Reading Solzhenitsyn on the bus
The bus left the school gate at about half past one on a Saturday. It was the weekly opportunity to escape from the stifling regime maintained by the fundamentalist Christians who ran the school. There was an arbitrary rule concerning the destinations allowed. Boys under fifteeen years of age could get off at Newton Abbot, or had to remain on the bus until it reached Paignton. Once someone attained their fifteenth birthday, they were free to choose to go to Newton Abbot or Paignton, or could choose to spend the afternoon in Torquay.
Ten minutes from the school, on the road that led from the depths of the moor, there was a children’s home affiliated to the trust that ran the school. The children resident in the home enjoyed a lifestyle that we envied, attending local schools and not having to wear the regulation clothes required of boys at the school.
The home was run by a handful of staff, one of whom would catch the bus each Saturday. Where she travelled escapes the memory, what remains is an impression of fiery red curls and the book that she read on the bus for a number of the journeys. She was probably not much older than most of us, perhaps in her early-twenties, but for the fourteen year old boy watching her across the bus, the book placed her in a different sphere of reality.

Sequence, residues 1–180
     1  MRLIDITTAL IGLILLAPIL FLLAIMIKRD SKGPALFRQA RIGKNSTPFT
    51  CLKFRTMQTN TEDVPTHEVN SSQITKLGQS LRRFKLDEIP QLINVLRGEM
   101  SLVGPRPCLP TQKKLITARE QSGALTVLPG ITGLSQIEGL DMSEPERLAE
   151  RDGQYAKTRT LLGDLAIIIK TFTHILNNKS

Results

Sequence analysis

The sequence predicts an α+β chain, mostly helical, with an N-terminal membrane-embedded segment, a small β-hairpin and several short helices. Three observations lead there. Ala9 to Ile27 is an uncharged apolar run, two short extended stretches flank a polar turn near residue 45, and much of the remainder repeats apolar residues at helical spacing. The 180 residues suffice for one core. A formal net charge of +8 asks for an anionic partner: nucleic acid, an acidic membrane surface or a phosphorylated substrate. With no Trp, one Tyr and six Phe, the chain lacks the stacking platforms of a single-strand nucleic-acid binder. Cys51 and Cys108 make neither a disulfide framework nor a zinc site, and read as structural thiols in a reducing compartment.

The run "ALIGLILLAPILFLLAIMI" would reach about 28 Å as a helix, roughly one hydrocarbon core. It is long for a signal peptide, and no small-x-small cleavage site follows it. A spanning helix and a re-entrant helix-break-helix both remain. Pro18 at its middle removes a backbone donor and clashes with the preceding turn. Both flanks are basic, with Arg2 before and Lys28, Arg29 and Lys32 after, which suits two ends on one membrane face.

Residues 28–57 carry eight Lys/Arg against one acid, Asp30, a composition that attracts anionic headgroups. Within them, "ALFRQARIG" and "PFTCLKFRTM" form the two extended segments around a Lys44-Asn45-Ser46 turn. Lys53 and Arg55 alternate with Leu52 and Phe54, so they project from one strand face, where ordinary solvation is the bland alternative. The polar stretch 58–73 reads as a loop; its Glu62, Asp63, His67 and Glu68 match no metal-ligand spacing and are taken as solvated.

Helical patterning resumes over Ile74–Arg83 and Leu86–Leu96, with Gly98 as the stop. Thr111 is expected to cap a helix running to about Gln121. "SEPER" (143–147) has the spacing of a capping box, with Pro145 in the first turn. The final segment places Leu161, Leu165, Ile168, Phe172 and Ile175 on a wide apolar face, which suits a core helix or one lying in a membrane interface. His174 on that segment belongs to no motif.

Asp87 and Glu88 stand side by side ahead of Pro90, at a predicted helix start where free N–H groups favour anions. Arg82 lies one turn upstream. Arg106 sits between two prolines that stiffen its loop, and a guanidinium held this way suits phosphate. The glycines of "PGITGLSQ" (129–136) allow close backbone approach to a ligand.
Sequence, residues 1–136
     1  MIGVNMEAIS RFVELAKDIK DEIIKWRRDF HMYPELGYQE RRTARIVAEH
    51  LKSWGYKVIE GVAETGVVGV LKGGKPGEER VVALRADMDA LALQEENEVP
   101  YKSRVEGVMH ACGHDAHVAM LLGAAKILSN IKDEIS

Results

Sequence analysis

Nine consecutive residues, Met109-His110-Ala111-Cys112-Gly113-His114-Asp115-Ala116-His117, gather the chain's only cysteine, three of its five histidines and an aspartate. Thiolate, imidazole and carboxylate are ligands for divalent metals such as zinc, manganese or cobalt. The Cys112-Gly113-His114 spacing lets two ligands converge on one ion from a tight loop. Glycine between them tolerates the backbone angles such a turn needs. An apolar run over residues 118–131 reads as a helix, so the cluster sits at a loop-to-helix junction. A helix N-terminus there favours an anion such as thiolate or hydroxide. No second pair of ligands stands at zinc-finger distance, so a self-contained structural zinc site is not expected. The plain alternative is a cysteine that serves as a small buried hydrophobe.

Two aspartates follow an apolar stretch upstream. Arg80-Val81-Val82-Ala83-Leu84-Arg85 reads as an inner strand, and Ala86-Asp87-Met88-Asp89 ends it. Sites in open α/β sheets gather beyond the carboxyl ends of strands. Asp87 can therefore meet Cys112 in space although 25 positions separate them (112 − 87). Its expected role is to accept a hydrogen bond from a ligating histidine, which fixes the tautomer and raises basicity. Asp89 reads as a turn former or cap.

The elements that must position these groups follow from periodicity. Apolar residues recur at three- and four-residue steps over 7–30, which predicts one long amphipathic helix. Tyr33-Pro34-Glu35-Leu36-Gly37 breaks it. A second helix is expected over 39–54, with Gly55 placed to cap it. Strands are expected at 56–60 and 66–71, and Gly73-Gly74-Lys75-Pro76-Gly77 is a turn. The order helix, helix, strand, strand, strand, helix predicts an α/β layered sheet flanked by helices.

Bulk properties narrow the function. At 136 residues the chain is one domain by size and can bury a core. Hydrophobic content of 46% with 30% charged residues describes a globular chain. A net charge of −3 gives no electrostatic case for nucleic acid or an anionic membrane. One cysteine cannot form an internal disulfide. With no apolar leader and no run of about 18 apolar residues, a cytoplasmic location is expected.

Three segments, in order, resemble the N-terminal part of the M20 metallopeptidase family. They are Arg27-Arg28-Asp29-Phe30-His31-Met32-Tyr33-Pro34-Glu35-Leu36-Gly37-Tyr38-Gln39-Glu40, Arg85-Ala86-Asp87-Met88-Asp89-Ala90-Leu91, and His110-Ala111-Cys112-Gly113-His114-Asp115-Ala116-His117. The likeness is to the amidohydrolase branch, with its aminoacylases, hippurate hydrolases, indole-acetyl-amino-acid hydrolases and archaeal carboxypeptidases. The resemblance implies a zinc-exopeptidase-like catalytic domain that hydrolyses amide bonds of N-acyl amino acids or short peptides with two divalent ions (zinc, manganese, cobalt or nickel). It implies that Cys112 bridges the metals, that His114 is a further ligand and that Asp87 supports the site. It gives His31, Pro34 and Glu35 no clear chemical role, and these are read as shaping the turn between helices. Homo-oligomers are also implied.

Being a country boy, in the autumn of 1974, it would have been hard to know even how to pronounce Aleksandr Solzhenitsyn. The book was called “August 1914” and was the thickest paperback that might be imagined. Trying not to stare at the woman, it was only possible to ponder how difficult it might be to read that book and why someone working in the children’s home would want to spend her day off reading something so demanding.
Was the book a statement? Was it not about “August 1914”, but about November 1974? Was the book to say to her fellow passengers that she might be on the same bus, but was different from them? Or was the book about reassurance? Was it about her reassuring herself that no matter how mundane everyday life might be, there were opportunities to escape?
Escape might be something outward, having freedom to go where one wishes, or it may be something inward, like a description of the life of Russian soldiers sixty years earlier. From a young age, the woman had learned both escapes.
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